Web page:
PQ: Consent of instructor and Departmental Adviser. Students are required to submit the College Reading and Research Course Form Staff. Autumn.

Czech (CZEC)

Language

10100. Elementary Czech I.

This course is an introduction to the basic grammar of Czech with attention given to all four skills of speaking, listening, reading, and writing, as well as exposure to Czech culture. Winter and Spring Quarters include work with Czech film and literature. Students gain some familiarity with the major differences between literary and spoken Czech as they learn to use the language both as a means of communication and as a tool for reading and research. Staff. Autumn.

20100. Second-Year Czech I.

PQ: CZEC 10300 or consent of instructor. The main goal of this course is to enable students to read Czech proficiently in their particular fields. Conversation practice is included. The program is flexible and may be adjusted according to the needs of the students Staff. Autumn.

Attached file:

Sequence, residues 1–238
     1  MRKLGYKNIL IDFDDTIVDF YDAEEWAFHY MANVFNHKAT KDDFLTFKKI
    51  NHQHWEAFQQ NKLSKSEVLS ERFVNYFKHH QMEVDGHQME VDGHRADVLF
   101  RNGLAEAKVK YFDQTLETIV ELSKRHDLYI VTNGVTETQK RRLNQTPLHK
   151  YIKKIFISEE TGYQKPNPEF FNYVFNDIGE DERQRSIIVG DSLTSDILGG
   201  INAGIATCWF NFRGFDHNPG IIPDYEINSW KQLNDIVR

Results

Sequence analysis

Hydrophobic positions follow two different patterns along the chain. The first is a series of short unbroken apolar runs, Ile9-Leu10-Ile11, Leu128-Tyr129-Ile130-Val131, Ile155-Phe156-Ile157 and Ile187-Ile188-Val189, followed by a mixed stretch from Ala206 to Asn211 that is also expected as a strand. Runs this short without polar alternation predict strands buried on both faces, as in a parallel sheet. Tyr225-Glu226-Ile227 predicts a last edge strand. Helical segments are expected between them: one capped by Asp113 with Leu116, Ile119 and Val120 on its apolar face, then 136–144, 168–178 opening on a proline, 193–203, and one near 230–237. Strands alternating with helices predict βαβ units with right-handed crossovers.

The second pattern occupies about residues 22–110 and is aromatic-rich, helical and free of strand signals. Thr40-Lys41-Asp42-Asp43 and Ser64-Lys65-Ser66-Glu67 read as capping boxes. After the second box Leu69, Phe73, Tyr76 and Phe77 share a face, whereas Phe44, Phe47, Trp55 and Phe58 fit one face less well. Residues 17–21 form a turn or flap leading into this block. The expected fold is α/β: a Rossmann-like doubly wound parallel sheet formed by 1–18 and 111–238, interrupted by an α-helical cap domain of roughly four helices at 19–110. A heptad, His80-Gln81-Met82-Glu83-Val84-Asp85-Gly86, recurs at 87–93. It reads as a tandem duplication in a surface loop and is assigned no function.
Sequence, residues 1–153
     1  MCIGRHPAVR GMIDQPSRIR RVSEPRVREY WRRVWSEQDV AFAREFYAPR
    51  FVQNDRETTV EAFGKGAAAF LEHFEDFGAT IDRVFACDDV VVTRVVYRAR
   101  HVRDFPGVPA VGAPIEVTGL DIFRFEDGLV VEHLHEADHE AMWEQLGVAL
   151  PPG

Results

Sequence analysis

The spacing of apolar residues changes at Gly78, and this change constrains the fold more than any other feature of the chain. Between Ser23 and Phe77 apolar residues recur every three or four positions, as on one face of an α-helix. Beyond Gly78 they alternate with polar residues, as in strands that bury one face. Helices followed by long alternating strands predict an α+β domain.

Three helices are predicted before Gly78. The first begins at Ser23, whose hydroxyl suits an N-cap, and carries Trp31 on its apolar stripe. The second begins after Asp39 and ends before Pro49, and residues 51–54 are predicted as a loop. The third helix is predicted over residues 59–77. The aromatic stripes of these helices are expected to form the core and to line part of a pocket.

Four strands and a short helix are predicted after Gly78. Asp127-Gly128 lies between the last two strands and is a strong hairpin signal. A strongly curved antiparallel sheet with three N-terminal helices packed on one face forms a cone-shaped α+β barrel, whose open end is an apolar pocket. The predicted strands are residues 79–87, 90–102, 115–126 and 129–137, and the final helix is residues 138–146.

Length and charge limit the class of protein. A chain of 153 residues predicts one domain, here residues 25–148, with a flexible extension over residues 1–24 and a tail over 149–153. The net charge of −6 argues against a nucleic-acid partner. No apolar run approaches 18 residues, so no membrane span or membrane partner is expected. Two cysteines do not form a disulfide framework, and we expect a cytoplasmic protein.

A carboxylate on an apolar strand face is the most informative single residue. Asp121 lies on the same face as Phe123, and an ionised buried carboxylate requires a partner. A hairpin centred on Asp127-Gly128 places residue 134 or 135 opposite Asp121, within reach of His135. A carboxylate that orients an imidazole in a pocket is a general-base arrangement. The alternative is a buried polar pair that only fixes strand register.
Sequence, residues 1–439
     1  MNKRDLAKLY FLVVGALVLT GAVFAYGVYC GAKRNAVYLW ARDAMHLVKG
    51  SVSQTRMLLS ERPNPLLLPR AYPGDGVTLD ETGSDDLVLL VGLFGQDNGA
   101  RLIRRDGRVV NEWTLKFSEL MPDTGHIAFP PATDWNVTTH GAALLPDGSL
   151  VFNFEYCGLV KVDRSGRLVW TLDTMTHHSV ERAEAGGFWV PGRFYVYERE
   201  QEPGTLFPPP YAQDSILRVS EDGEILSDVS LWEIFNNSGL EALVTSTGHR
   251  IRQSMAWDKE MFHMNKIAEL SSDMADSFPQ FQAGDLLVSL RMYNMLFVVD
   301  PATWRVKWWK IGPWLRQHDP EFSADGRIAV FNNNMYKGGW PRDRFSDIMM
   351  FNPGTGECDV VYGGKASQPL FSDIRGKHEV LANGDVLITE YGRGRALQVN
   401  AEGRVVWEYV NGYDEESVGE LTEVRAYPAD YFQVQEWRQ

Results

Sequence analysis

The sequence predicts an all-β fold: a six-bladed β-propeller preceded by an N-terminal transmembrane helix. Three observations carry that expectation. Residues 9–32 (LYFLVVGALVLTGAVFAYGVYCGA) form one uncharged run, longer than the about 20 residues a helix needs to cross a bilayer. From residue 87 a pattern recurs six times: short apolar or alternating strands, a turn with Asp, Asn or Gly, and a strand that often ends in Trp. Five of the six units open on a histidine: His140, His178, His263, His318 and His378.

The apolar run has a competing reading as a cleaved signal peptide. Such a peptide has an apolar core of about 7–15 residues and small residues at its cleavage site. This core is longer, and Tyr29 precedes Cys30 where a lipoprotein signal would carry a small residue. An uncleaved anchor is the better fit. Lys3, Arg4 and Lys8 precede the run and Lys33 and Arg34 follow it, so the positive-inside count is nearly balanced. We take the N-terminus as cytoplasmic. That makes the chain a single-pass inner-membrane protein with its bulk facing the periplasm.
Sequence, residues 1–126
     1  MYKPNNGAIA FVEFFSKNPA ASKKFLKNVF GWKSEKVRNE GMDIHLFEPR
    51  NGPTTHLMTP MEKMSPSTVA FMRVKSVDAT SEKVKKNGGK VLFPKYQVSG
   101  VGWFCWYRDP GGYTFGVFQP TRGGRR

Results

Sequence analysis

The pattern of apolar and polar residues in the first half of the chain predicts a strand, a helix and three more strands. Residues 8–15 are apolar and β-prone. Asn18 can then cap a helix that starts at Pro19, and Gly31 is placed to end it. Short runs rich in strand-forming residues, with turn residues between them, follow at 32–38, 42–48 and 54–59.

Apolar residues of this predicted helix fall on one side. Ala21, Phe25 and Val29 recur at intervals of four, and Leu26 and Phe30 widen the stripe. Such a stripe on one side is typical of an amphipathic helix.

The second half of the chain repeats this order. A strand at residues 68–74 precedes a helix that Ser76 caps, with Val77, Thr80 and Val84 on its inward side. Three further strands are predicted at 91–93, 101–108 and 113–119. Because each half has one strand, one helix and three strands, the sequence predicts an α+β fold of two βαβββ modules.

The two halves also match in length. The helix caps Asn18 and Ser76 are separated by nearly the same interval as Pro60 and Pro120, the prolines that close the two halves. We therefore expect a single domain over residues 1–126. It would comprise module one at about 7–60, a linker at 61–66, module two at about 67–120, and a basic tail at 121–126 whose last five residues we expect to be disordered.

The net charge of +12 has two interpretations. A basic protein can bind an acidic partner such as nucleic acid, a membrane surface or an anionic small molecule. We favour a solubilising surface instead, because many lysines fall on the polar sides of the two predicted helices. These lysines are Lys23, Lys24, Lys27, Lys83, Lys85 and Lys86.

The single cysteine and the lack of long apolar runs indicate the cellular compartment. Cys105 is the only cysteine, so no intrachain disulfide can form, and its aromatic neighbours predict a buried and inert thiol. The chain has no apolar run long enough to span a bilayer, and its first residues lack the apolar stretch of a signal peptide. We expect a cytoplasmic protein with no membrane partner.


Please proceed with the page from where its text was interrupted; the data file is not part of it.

Literature and Linguistics

29700. Reading and Research Course.

PQ: Consent of instructor and Departmental Adviser. Students are required to submit the College Reading and Research Course Form. Staff. Autumn.

29900. BA Paper.

PQ: Open to fourth-year students who are majoring in Slavic Languages and Literatures with consent of instructor and Departmental Adviser. Students are required to submit the College Reading and Research Course Form. This course must be taken for a quality grade. Staff. Autumn.

 

East European (EEUR)

Language

21100/31100. Elementary Modern Armenian I. (=ARME 10101)

This three-quarter sequence utilizes the most advanced computer technology and audio-visual aids to enable students to master a core vocabulary, the alphabet, and basic grammatical structures, as well as to achieve a reasonable level of proficiency in modern formal and spoken Armenian (one of the oldest Indo-European languages). Considerable amounts of historical/political and social/cultural issues about Armenia are built into this sequence to prepare students who intend to conduct research in Armenian studies or to pursue work in Armenia. H. Haroutunian. Autumn.

Literature and Linguistics